For instance, a Pontiac Grand Am is "midsize" at Avis, but classified as a larger and pricier "standard" at Enterprise. And pricing is all over the map.
How can renters sift through all of this? For starters, if you know exactly what model you want, you can price it across rental companies. For people who are less finicky about specific models, there are other tricks.
For instance, sometimes it boils down to location. Because many rental locations in business markets, such as Chicago and Dallas, don't have lots of small cars in their fleets, often they run out of smaller vehicles. Savvy travelers can take advantage of that by reserving a subcompact or compact car and then getting a free upgrade to a midsize or full-size car at the counter.
Warning: This tactic is less likely to work in such leisure markets as Florida and Hawaii, where smaller cars are more abundant.
Get out of the airport. Whenever possible, try to rent from a shop that's not on airport grounds. Renting at the airport is convenient for fliers, but add-on fees can jack up a bill 12 percent or more.
When Will Geiger took a monthlong trip to the Canadian Rockies, he got a cab from Denver International Airport, rented a car from a downtown shop and returned the vehicle to Denver airport. He saved hundreds of dollars.
"You can save yourself big bucks," said the retired chemical engineer from Fort Collins, Colo.
In addition, travelers to New York should pick airports carefully; it can change the total cost of a trip substantially.
A midsize car recently rented at Hertz for $96.99 a day at La Guardia International Airport, for instance, compared with Hertz's rate of $53.99 at Liberty Newark International Airport. At $43 a day, the difference can add up quickly -- and in most cases, the renter can drop the car off at La Guardia airport without paying a fee.
Think small. It also pays to think small.
Renting from such smaller regional and local rental firms as Advantage Rent-A-Car and Payless Car Rental can be cheaper than even the no-frills major companies such as Enterprise, Dollar and Alamo Rent-a-Car.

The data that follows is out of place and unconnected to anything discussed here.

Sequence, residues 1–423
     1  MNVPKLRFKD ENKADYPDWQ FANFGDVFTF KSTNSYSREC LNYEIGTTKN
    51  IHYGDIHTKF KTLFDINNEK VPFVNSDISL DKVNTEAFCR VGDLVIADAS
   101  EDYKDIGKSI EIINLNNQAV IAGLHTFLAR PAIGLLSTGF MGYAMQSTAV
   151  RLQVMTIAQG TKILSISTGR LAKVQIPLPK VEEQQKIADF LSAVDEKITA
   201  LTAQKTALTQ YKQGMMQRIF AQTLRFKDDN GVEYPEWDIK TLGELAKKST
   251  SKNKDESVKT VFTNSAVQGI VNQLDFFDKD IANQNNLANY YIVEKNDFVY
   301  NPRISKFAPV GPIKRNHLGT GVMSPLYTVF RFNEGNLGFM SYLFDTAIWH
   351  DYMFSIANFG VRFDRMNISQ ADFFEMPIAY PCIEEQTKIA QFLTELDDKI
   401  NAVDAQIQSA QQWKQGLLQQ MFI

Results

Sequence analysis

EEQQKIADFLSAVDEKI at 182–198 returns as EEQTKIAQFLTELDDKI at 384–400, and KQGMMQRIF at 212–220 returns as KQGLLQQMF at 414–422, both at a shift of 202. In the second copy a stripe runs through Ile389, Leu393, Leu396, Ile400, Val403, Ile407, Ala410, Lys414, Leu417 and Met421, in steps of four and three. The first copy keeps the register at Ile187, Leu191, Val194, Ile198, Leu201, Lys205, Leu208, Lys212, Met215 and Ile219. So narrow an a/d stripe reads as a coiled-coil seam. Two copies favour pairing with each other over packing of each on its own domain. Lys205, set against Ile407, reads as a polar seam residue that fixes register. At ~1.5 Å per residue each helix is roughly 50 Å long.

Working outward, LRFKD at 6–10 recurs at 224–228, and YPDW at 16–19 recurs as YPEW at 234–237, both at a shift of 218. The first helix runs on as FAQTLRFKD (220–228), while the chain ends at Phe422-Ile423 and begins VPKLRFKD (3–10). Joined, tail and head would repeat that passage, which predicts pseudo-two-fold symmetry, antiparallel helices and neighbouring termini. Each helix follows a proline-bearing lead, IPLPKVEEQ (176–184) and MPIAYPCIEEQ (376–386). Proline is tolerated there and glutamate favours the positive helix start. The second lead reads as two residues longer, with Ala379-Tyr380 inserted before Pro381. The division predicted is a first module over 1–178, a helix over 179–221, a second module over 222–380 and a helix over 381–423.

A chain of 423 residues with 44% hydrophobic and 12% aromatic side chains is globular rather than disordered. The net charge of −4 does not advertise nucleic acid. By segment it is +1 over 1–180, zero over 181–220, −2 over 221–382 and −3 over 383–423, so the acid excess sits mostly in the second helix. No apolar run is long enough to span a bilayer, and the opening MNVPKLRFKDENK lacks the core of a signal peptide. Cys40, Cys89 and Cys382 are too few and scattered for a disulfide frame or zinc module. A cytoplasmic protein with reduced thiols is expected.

The downside: Smaller players often don't offer the premium services the major companies do, such as express lines and frequent-renter clubs. And local firms often don't show up on major travel Web sites. That means more research is necessary, either by looking on airport Web sites or cracking open the phone book.
An exception: Orbitz.com offers a comprehensive listing of smaller rental firms.
Start online. Start the search online. Travel sites usually offer the broadest sampling of rates, as well as estimates of taxes and fees. With that knowledge in hand, call the rental companies to see if they will sweeten the pot.
For instance, an intermediate-sized car rented directly from Budget Rent A Car was $35.14 a day at Chicago O'Hare International Airport recently. But the same car at Budget was just $26.99 a day through Travelocity.com.
It's always worth pushing for a deal if you spot a better price at a rival: Most companies will match it, in keeping with an industrywide push to turn telephone inquiries into sales.
As a general rule, however, traditional travel agencies won't offer the best prices on rental cars -- with one notable exception: If it's part of a larger travel package. That's because rental companies sometimes offer travel agencies deep discounts as part of all-in-one packages.
Grab the extras. Frequent-renter programs are generally worth the time to sign up. They offer discounts and other incentives, including express lines, free upgrades and airline frequent-flyer miles. Sometimes you can get a membership for nothing: National Car Rental offers complimentary memberships to solve customer-service problems, or to people who simply ask for it. Hertz waives its $50 fee on its Gold Club for anyone renting four times a year.